Byrd's background also includes a strange criminal case. In 1990, he and his second wife, Cindy Reeve, pleaded nolo contendere -- which means they did not admit guilt but agreed to a punishment -- to charges they doctored birth records and tried to obtain a newborn for $2,100. They both received two years probation, which was later amended to a year.
When reached by The Associated Press, Reeve said she wanted to be left alone and the adoption "got blowed out of proportion." However, she said Byrd "always dealt with shady characters."
At the time of their divorce, the documents show, Billings worked as a consultant for Back Seat Inc., a holding company for a topless bar, which opened in 1990 and no longer exists. Arety Kapatanis, owner of the Pensacola strip club Arety's Angels, said Billings turned her life around after hiring her there as a waitress.
"Bud Billings was a man of integrity. He was generous," Kapatanis said. "He ran his business in the most professional manner. It could have been a shoe store or a bakery. I mean, this type of business tends to get a really bad rap. People expect shady dealings and they expect all kind of things like that. There was never any of that with Bud."
Billings later opened a used car lot, which according to state business records was registered to Melanie and her daughter, Ashley Markham. The business runs on a worn-out slab, surrounded by pawn shops and bail bond companies.
During the funeral service, Ed Brock, Melanie Billings' brother, praised the couple's self-lessness and kindness exemplified by their adoption of 13 children with mental and physical disabilities.
"Their lives centered around children, their family and each other," said Brock. "They loved deeply and unconditionally. They embraced the complexity of raising children with special needs and they were their advocates. They gave these children a joyous childhood and a much needed voice."
Though seven men and one woman have been arrested and charged in connection to the murders, investigators are searching for "one more individual" who they believe was supposed to disable the Billings' sophisticated security system, Morgan told ABCNews.com. They have narrowed the list of persons of interest that "could have done what we're looking for" to three people, he said.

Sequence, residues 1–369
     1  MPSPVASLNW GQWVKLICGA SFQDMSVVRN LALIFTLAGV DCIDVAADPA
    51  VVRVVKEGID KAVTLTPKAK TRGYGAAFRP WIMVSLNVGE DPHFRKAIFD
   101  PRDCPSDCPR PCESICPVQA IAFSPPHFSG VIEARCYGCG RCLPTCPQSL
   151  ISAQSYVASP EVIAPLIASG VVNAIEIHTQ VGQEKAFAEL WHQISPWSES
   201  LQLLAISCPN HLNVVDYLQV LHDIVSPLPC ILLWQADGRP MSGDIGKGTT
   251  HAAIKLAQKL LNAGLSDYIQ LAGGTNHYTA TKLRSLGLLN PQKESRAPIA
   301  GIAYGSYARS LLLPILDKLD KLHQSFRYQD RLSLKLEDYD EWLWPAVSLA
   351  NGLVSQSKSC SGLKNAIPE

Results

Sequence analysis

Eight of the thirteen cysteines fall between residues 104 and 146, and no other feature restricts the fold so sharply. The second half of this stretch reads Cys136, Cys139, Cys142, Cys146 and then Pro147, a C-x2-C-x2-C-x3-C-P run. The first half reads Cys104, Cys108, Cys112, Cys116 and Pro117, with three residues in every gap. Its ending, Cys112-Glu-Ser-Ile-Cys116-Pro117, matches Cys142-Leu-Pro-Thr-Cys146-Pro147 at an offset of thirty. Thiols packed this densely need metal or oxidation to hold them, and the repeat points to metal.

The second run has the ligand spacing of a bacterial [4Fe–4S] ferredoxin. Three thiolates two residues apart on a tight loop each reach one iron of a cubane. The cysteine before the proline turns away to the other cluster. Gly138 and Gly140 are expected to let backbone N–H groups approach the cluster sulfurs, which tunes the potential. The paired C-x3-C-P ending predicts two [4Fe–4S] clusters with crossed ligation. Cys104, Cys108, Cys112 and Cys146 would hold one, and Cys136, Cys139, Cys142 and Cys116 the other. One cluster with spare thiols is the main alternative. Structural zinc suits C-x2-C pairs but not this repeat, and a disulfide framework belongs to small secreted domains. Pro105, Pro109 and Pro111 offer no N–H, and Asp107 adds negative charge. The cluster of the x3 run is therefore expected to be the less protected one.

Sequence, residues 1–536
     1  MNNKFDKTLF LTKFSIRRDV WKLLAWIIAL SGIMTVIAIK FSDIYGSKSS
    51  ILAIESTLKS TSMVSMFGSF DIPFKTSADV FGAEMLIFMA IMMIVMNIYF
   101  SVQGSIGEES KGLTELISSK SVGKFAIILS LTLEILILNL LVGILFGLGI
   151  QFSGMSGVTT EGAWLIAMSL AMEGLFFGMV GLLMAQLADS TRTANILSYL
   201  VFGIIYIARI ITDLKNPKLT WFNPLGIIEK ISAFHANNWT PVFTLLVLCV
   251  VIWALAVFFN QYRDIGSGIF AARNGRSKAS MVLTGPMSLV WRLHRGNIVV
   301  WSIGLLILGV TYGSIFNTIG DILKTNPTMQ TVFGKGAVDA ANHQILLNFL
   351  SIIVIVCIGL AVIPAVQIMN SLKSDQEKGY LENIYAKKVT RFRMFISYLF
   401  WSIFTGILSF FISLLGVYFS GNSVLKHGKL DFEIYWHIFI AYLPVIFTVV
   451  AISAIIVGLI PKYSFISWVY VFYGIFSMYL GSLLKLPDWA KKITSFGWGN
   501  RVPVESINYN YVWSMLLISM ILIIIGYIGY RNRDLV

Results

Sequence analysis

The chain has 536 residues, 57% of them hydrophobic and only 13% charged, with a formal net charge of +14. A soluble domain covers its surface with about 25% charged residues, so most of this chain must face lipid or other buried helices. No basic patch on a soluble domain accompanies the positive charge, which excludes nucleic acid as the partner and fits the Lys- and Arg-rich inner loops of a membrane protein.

Pamela Wiggins' husband, Hugh Wiggins, first said that the stolen safe was hidden in the back yard of one of her homes, according to police reports.
Wiggins also owns the red van that was used to transport both the safe and the weapons used during the deadly crime, the report said. She was riding in the van while the guns were being transported following the robbery and "had knowledge" they had been used in the murders, one cooperating suspect said in the police report.
Thursday Morgan would not confirm or deny if Wiggins knew the suspects planned to use her van or home before the operation or had any involvement in hiding the safe.
Wiggins was a person of interest in the case after police found she was "associated" with one of the suspects up to the day of the murders. After police questioned her, Wiggins was charged with accessory after the fact of a felony murder and was released after she posted $10,000 bail. If convicted, she faces a maximum sentence of 30 years in prison, state attorney Bill Eddins said.
Morgan, referring to Wiggins' release on $10,000 bail, said she is "absolutely" not a threat to society.